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Alight here for brilliant books

 

What springs to mind when you think about the tube?

Sweating profusely no matter what time of year it is?

Being crushed into a stranger’s armpit at rush hour on a Monday morning?

Waiting expectantly for the the District line for six whole minutes, even though the arrival board promised it would be there in two?

Walking in a futile circle around the panopticon maze of Bank and Monument Stations until you eventually resign yourself to the fact that you will never escape, slumping to the floor and covering yourself with discarded Metros – you are one with the station now.

 

We’ve certainly all got our fair share of tube woes, but In The Book have come up with an innovative idea that might help you shed your travel stress and see the London Underground in a whole new light.

 

London is a city like no other, and the same goes for its literature. In The Book have replaced the names of stations on TFL’s tube map with iconic staples of London literature that were set in those areas and we’re delighted to see some of Little, Brown’s titles dotted about the city! 

 

The result is a comprehensive geographical mapping of London’s greatest novels and poems throughout history. From Defoe’s A Journal of the Plague Year depicting the disease-ridden city of the 17th century, right up to Robert Galbraith’s The Cuckoo’s Calling as Bond Street colouring modern day Mayfair, we feel that writing has a unique way of painting surroundings like nothing else.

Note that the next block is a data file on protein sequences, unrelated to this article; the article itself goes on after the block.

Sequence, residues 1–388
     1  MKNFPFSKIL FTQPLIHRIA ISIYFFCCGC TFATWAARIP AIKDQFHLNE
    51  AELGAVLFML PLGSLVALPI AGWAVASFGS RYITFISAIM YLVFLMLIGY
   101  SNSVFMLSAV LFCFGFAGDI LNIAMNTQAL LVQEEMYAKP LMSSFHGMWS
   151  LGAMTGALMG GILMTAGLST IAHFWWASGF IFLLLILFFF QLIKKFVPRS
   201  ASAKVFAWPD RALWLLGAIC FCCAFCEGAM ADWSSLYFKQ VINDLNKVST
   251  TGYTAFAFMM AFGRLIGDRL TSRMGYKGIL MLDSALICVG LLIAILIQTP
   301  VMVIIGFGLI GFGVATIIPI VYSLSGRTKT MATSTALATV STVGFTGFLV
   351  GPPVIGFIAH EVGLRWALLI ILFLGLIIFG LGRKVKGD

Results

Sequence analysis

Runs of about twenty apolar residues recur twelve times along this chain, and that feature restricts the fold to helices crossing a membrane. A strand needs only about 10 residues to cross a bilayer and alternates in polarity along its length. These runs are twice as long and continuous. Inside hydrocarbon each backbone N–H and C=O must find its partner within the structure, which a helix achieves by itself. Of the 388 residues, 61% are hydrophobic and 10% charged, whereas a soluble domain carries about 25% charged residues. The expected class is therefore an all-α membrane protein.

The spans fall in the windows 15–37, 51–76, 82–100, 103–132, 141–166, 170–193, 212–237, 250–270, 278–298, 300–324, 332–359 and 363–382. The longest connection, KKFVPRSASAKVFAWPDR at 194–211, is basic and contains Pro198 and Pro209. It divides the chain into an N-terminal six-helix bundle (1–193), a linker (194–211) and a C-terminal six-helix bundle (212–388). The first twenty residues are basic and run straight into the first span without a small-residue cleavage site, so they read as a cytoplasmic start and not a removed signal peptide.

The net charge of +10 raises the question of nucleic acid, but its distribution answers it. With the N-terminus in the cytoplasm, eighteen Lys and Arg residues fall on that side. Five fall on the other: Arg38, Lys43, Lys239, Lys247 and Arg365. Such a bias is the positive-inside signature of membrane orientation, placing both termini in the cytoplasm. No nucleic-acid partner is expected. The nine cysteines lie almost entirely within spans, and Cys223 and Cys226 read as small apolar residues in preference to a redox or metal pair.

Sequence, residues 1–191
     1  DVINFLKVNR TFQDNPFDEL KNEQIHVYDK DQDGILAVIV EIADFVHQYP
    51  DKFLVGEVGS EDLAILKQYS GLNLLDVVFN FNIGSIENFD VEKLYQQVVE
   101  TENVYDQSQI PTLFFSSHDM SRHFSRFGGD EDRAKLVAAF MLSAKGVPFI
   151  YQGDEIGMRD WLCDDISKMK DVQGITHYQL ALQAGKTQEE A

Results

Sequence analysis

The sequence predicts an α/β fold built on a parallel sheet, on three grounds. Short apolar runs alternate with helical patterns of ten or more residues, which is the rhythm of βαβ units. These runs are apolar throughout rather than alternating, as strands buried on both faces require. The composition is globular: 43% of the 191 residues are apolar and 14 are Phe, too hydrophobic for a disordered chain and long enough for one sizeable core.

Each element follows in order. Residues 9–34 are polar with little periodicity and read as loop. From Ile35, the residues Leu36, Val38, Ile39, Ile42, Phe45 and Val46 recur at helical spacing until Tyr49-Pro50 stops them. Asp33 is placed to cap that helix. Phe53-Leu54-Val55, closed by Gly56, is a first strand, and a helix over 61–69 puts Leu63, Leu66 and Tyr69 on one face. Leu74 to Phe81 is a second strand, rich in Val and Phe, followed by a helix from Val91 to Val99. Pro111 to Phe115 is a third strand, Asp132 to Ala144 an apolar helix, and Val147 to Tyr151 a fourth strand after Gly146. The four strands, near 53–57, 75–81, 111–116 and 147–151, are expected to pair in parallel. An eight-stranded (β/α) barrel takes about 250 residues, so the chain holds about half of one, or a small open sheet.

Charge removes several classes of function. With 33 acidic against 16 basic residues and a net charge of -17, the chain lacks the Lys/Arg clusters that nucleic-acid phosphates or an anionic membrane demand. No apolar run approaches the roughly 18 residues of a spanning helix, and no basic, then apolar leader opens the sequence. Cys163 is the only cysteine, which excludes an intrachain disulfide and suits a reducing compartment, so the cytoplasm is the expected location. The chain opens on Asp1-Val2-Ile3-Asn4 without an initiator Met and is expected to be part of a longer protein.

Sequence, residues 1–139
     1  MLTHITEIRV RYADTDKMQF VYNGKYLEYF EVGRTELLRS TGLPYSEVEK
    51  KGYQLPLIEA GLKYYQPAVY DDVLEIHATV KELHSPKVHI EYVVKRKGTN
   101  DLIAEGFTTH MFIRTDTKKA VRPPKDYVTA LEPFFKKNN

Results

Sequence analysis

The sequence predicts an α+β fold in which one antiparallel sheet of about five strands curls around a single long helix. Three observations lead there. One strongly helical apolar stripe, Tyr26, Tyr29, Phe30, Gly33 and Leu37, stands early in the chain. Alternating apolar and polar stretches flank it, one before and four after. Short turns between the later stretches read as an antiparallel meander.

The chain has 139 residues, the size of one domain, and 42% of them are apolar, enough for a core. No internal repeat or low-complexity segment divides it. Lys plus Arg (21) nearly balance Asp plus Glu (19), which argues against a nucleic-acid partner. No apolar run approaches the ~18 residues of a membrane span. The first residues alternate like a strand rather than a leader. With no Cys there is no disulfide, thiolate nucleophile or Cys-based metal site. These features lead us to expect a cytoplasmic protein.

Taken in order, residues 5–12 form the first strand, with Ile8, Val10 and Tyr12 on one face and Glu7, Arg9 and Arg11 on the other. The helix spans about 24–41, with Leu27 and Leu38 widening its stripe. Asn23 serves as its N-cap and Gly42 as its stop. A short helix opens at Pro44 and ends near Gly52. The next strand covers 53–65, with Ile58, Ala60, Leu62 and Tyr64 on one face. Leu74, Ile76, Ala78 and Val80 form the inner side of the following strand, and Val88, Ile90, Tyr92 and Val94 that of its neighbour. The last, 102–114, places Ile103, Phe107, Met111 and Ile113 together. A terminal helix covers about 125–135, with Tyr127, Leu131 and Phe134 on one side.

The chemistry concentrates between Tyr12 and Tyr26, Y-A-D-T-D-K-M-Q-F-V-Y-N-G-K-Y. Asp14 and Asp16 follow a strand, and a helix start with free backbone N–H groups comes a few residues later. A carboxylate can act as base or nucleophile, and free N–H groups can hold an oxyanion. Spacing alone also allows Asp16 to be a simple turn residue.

For instance, we found it fascinating how certain genres and authors were married with certain parts of the map: Dickens’ London dominates the Central Line, while gothic Victorian works Dracula, Dr. Jekyll and Mr. Hyde and The Picture of Dorian Gray can all be found haunting the Piccadilly Line. Zadie Smith’s works were located on the northwest Jubilee Line while Martin Amis’ novels were more prominent around West London.

 

To view an expandable version of the map please visit the In The Book.

 

How many of our Little, Brown titles did you spot?